Subjective and objective annotations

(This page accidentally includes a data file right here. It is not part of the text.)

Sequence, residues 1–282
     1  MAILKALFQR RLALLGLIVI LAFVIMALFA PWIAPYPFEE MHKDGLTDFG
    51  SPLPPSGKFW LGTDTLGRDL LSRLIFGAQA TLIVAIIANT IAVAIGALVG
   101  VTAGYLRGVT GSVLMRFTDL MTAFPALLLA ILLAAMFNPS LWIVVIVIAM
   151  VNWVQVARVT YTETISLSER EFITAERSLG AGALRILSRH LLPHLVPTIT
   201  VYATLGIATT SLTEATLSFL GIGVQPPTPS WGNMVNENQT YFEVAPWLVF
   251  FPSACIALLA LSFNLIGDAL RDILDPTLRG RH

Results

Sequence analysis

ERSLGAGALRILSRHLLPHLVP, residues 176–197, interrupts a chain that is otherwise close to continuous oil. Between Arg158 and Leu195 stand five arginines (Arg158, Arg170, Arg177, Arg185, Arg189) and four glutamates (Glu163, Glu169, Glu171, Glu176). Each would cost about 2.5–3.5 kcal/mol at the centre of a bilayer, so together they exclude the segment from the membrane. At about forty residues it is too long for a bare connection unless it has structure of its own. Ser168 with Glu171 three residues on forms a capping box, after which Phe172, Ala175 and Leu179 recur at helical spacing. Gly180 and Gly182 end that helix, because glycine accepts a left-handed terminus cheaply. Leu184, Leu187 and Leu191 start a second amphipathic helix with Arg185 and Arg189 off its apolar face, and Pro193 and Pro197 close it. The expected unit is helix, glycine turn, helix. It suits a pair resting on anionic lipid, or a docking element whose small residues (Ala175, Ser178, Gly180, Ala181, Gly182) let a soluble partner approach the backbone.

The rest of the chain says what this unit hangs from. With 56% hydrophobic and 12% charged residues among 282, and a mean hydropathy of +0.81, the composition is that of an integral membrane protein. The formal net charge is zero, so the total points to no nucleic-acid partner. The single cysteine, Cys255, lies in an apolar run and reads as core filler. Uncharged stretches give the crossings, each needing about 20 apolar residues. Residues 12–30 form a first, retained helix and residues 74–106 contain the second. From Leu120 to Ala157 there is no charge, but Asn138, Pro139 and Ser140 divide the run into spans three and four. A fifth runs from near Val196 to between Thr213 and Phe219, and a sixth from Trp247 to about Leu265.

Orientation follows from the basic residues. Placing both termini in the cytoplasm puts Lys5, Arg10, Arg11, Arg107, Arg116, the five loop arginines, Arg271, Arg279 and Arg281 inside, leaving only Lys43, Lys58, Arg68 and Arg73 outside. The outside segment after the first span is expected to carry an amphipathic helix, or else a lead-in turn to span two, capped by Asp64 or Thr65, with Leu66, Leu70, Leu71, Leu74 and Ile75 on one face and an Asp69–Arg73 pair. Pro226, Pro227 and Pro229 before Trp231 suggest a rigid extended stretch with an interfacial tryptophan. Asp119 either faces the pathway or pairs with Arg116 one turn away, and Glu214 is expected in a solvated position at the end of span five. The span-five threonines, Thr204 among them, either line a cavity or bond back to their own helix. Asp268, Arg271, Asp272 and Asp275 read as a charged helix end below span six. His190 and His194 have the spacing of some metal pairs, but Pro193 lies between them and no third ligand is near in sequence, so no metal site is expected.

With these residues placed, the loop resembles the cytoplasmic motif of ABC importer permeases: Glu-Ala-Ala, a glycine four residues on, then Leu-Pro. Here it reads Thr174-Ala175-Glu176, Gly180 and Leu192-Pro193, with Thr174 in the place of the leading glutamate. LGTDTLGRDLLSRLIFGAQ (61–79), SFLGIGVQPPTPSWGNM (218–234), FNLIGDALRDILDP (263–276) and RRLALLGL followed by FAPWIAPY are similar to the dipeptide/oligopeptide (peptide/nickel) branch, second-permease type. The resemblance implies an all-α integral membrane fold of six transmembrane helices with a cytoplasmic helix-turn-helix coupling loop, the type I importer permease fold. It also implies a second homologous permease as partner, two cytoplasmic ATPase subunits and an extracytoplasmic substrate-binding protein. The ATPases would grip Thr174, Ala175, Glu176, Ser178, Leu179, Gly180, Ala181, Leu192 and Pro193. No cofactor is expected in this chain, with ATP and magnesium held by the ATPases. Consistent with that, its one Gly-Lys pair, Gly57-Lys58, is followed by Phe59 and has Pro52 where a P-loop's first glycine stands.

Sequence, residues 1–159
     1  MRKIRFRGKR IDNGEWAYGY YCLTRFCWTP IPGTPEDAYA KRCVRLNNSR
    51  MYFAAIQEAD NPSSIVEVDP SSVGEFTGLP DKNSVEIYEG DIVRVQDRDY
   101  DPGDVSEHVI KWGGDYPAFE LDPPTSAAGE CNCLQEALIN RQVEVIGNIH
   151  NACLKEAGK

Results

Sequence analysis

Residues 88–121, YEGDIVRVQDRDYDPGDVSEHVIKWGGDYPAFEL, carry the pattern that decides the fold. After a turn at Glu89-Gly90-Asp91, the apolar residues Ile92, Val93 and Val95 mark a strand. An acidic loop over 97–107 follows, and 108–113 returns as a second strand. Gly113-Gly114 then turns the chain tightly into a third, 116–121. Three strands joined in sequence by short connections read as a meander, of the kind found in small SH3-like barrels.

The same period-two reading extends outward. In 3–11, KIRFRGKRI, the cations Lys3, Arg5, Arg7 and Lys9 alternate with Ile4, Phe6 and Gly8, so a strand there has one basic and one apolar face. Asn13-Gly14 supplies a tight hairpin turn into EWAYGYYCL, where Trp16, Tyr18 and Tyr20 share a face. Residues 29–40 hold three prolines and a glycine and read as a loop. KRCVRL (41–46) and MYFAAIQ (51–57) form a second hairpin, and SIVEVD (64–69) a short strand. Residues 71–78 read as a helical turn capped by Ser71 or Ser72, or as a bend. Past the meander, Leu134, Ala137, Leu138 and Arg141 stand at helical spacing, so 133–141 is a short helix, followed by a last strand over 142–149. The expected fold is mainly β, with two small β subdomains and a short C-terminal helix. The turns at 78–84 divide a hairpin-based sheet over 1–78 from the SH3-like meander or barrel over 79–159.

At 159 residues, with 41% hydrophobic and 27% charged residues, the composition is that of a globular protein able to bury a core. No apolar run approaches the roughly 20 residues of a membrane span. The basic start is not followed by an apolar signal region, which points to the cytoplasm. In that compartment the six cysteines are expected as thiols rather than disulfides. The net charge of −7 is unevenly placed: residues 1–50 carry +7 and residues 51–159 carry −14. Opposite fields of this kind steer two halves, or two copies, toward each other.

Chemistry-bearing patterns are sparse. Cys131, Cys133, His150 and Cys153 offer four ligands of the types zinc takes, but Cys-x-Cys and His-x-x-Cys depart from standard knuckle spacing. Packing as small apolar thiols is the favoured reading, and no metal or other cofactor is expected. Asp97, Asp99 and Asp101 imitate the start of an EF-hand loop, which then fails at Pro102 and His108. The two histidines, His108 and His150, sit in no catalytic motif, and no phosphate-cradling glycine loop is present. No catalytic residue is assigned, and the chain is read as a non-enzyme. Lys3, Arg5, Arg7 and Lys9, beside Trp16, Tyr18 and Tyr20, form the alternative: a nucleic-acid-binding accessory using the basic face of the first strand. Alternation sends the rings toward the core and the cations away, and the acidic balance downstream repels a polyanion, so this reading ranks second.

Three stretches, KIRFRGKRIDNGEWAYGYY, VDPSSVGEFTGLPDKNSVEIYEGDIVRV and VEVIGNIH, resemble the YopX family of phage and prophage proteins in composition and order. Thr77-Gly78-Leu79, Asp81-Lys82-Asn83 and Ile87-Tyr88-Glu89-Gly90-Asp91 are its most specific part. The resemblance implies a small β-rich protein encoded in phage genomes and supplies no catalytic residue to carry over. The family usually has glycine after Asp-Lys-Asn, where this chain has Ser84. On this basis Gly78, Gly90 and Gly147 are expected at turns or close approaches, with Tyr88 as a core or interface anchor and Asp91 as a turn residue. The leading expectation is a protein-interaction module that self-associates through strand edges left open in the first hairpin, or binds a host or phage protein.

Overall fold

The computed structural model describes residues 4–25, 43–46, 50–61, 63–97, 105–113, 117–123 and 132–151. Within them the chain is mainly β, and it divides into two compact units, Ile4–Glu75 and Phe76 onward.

What are the subjective and objective annotations in the following scenarios?Yet as Read (et al. 1994) pointed out more than a decade ago, only two simple facts are essential to understanding climate change: global warming is the result of an increase in the concentration of carbon dioxide in the earth’s atmosphere, and the single most important source of carbon dioxide is the combustion of fossil fuels, most notably coal and oil. So how can it be that people around the world fail to understand these basic facts? And while such ‘information deficit’ explanations are indispensable, they do not account for the behavior of the significant number of people who know about global warming and express concern, yet still fail to take any action.A second body of scholarship points to relationships between political economy and public perception. Here scholars have identified the fossil fuel industry influence on government policy (the US holds prominent examples), the tactics of climate skeptic campaigns (Jacques 2009; Dunlap and McCright in this volume; Jacques et al. 2008; McCright and Dunlap 2000, 2003), how corporate control of media limits and molds available information about global warming (Dispensa and Brulle 2003), and even the ‘normal’ distortion of climate science through the ‘balance as bias phenomenon’ in journalism (Boykoff 2008).Presumably such political economic barriers have far-reaching and interactive effects with the other factors discussed above. Yet note that explanations for public non-response that highlight corporate media and climate skeptic campaigns, also implicitly direct our attention to a lack of information as the biggest barrier to engagement, though for different reasons. Certainly there are cases when the public may either lack information or be outright misinformed, but are these issues the limiting factor behind greater public interest, concern, or political participation? Clearly knowledge is necessary to generate public response (e.g. O’Connor et al. 2002), but is knowledge sufficient (Bord et al. 2000)?

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